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Peace of Caicos

Published 14 February 1999
Style Magazine
292nd article

He's all cart: Michael Winner at Parrot Cay with Michel Neutelings, the general manager, and the chef Franck Aubert

It was like something out of a Fellini movie. There were these luxury beach huts facing white sand and the most turquoise blue sea you could imagine. Then staff erected a series of open-sided tents. placed long tables in them, and more servants filed down from the hotel carrying food on silver trays. Ensconced in this little area, which common folk like me could only gaze at from the wooden walkway that led to the beach, was Donatella Versace, her daughter, bodyguards in assorted colours, and selected friends, relatives and who knows what.

Thus was the scene at Parrot Cay in the Turks & Caicos Islands, where the sun beat down from a blue sky onto the recently planted palm trees and other flora, as Robert Earl, of Planet Hollywood fame, struggled to perfect his hotel in time for my arrival. Possibly he also took into account the other guests, none of whom Signora Versace deigned to move among. She stayed in her manor, we crawled over the hotel. Although Vanessa nearly got to see her close-up in the gym, stopped only by a large, black bodyguard, who said: "Why are you carrying a camera?"

I had to be content with the sighting of a blonde lady accompanied by burly minders, walking in the distance from sea to hut-suites. Still, there was the very jolly and excellent New York playwright Wendy Wasserstein, currently working on the screenplay of the musical Chicago, and a beautiful American blonde, Amber Valletta, whom I was assured was the most famous model in the world. I'd never heard of her, but the last model I knew anything about was Jean Shrimpton. So call me stupid, I don't care.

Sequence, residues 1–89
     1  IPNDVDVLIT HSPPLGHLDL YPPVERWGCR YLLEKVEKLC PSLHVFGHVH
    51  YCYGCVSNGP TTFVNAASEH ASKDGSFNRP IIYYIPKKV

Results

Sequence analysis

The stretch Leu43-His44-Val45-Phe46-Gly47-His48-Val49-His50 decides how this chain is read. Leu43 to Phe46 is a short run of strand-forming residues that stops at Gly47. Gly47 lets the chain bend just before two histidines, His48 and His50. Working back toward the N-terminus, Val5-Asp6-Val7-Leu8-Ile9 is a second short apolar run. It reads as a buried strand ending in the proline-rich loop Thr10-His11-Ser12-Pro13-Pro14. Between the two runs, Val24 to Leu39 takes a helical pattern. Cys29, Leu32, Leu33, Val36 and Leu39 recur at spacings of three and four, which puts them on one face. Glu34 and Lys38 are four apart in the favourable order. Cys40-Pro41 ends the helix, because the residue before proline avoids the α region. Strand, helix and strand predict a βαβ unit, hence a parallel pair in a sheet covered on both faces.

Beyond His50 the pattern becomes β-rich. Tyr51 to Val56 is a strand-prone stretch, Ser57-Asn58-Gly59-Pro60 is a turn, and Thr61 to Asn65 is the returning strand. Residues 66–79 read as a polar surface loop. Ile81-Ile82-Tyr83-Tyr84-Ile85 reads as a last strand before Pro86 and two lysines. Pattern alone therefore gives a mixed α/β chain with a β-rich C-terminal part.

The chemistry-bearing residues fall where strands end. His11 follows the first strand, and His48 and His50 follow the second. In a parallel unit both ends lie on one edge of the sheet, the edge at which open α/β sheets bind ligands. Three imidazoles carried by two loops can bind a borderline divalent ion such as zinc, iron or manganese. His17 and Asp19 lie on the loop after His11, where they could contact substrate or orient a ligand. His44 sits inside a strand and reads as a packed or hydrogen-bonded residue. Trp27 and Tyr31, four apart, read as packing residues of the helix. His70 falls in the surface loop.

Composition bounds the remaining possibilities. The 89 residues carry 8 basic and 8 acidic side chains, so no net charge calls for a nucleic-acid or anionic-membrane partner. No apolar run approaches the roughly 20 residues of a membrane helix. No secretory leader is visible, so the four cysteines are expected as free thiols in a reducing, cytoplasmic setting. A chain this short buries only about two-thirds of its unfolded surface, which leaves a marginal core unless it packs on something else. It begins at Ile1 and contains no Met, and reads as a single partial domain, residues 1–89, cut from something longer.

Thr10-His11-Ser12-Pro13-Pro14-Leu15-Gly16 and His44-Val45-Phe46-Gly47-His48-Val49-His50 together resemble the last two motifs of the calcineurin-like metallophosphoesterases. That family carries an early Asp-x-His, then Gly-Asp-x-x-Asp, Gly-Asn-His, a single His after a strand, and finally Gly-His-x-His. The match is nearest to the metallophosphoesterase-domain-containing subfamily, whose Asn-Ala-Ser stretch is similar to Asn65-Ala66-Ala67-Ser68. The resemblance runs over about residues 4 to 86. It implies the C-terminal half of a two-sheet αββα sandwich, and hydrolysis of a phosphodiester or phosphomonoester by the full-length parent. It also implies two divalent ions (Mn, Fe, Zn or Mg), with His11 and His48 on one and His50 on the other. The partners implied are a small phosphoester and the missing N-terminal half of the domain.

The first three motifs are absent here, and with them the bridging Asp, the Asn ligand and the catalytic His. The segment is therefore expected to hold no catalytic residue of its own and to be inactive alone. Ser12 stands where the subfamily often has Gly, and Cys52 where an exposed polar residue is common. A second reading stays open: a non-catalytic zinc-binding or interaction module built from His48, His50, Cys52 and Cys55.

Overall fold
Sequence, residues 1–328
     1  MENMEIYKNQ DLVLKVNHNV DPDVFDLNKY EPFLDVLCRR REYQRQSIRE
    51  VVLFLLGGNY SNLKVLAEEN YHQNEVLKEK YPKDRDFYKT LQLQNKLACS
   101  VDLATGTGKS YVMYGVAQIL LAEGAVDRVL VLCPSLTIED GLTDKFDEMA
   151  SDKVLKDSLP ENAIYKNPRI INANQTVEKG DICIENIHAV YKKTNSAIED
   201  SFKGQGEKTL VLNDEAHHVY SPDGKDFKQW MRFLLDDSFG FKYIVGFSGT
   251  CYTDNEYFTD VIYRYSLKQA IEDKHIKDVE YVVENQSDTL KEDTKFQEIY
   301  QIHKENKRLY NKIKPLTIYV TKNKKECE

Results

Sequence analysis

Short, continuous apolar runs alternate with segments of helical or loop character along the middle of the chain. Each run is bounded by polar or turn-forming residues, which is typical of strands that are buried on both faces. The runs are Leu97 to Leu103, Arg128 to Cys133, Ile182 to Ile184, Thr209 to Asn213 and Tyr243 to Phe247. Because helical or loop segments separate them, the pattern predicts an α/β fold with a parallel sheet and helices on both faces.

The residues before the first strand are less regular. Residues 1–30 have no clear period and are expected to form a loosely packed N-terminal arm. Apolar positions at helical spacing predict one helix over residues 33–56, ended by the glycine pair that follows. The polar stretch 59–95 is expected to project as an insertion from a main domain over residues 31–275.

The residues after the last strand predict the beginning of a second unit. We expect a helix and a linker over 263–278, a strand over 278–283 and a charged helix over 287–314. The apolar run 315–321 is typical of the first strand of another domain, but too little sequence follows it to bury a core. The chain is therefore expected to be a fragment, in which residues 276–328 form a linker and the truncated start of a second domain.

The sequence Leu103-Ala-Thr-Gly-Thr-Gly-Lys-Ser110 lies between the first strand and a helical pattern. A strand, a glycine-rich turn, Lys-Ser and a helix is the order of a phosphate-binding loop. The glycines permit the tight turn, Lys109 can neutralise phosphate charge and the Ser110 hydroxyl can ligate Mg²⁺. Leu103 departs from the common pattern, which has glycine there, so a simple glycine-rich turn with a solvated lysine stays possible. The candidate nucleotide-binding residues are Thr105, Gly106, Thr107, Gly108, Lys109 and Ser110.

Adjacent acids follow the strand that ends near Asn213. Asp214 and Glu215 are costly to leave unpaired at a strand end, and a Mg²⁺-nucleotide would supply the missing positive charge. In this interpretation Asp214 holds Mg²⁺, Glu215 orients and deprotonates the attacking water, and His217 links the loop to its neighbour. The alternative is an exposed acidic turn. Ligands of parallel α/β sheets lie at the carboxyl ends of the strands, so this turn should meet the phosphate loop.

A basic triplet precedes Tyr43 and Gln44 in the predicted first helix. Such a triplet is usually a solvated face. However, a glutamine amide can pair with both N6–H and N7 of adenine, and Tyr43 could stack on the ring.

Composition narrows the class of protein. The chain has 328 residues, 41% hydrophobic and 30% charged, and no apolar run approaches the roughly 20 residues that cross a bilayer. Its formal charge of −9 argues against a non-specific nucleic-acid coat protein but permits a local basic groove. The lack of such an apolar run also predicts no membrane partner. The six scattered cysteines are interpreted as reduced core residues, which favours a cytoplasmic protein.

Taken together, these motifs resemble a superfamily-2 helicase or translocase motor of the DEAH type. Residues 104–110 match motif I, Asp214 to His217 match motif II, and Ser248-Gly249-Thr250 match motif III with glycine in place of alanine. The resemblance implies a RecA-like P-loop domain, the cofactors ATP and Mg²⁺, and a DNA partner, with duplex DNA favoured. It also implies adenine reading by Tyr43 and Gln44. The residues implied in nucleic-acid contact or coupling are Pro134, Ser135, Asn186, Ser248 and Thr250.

In this part of the Caribbean, Cay means island, and Parrot was changed from Pirate, possibly to stop guests at this highly posh resort thinking they were heading for Disneyland. It's an elegant place, set on a 1,000-acre private island some 20 minutes by pleasing boat ride from the main island of Providenciales, which you get to from England via Miami. The 56-room hotel is co-owned with Earl by Christina and V S Ong, who also have the superb Metropolitan and Halkin hotels in London.

We arrived to be picked up by golf buggies at the small pier, taken to an excellent colonial-style suite with a large balcony, and thence poolside, with the sand and sea only a few yards away.

I'd like to tell you what I had for lunch, but as I started dictating into my tape recorder, which has taken over all natural functions of memory, Mr Earl snapped (very unlike him, he's usually super-cheerful): "We're not going to have to listen to you talking into that at every meal, are we?" Never one to offend, I turned it off and it never saw the sunlight again, poor thing. I did manage to sneak a few handwritten notes when Robert wasn't looking. They recall the food was very good. In particular, a strawberry sorbet that was majorly historic, some lovely Thai beef curry, a delicious papillote of lobster tail with spiced balsamic rice, and a memorable supreme of duckling with poached pear in spiced red wine and honey.